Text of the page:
As our options for portable computing continue to expand, the market will become increasingly segmented. This has led market research firm IDC to lower its tablet forecast over the next few years from shipments totaling 229.3 million units this year to 227.4 million units. Although many tablets have failed to make an impact despite enormous marketing campaigns and others seem doomed before they even hit store shelves, IDC is confident that emerging markets will begin to take over when mature market sales level off. In fact, the mature market is expected to sink “from 60.8% of the worldwide market in 2012 to 49% by 2017.”
“Year-on-year growth is beginning to slow as the tablet market approaches early stages of maturity,” said Jitesh Ubrani, Research Analyst for IDC. “Much of the long-term growth will be driven by countries like China where projected growth rates will be consistently higher than the worldwide average.”
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Saturation is noted as one of the causes for the slight dip in the forecast, but the rise of phablets and wearable tech, such as the rumored Apple iWatch, will begin to cut into the market share of tablets as well. For a better indication of how the market will shift, check out the chart below as well as IDC’s full press release.
IDC Tempers Long-Term Tablet Forecast as Competing Technologies Heat Up
SAN MATEO, Calif., August 29, 2013 – Faced with growing competition from larger smartphones and the prospect of new categories such as wearable devices diverting consumer spending, International Data Corporation (IDC) Worldwide Quarterly Tablet Tracker modestly lowered its tablet forecast for 2013 and beyond. The company now expects worldwide tablet shipments to reach 227.4 million units in 2013, down from a previous forecast of 229.3 million but still 57.7% above 2012 shipments. Despite the slight reduction for this year, the market will continue to grow at a rapid pace and by 2017 IDC expects worldwide shipments to be nearly 407 million units. The company also adjusted its regional outlook, with maturing markets such as the U.S. now expected to cede share more rapidly to emerging markets such as Asia/Pacific.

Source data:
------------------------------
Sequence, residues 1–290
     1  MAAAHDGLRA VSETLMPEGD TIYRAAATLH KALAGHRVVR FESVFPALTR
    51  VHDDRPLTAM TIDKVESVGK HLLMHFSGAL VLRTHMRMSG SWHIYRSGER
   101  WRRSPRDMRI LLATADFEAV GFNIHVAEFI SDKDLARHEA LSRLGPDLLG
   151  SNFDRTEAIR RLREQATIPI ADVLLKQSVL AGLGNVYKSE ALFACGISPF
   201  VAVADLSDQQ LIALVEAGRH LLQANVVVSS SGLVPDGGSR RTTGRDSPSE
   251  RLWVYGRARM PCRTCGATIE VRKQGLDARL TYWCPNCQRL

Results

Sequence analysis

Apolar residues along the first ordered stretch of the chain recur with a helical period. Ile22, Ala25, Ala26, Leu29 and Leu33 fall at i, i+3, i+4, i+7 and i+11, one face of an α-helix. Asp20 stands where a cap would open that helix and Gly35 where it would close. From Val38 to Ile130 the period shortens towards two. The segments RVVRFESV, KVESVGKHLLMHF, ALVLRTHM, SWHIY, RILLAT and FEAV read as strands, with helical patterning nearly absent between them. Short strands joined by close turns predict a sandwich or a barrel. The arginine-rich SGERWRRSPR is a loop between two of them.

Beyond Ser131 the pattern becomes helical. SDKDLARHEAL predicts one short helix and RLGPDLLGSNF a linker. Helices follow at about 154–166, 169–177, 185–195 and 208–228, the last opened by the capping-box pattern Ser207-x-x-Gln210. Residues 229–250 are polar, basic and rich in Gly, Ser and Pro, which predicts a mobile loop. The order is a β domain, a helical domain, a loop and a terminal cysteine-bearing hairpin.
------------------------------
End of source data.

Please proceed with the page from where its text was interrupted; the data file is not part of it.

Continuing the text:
“A lower than anticipated second quarter, hampered by a lack of major product announcements, means the second half of the year now becomes even more critical for a tablet market that has traditionally seen its highest shipment volume occur during the holiday season,” said Tom Mainelli, Research Director, Tablets. “We expect average selling prices to continue to compress as more mainstream vendors utilize low-cost components to better compete with the whitebox tablet vendors that continue to enjoy widespread traction in the market despite typically offering lower-quality products and poorer customer experiences.”
While mature markets such as North America and Western Europe have driven much of the tablet market’s growth to date, IDC expects shipment growth to begin to slow in these markets. Market saturation, increased adoption of smartphones with 5-inch and greater screens, and the eventual growth of the wearable category will impact tablet growth in all regions, but are likely to impact mature regions first. As a result, IDC now expects the mature market (comprised of North America, Western Europe, and Japan) to shrink from 60.8% of the worldwide market in 2012 to 49% by 2017. As a result, emerging markets (comprised broadly of Asia/Pacific (excluding Japan), Latin America, Central and Eastern Europe, the Middle East, and Africa) will grow from 39.2% in 2012 to 51% in 2017.
“Year-on-year growth is beginning to slow as the tablet market approaches early stages of maturity,” said Jitesh Ubrani, Research Analyst for the Worldwide Quarterly Tablet Tracker. “Much of the long-term growth will be driven by countries like China where projected growth rates will be consistently higher than the worldwide average.”
A secondary trend in the tablet market is the rise of tablets in the commercial segment. Education projects and adoption in vertical markets such as retail are contributing factors as this segment is set to slowly double from the 10% share it held in 2012 to 20% by 2017.
This article was originally published on BGR.com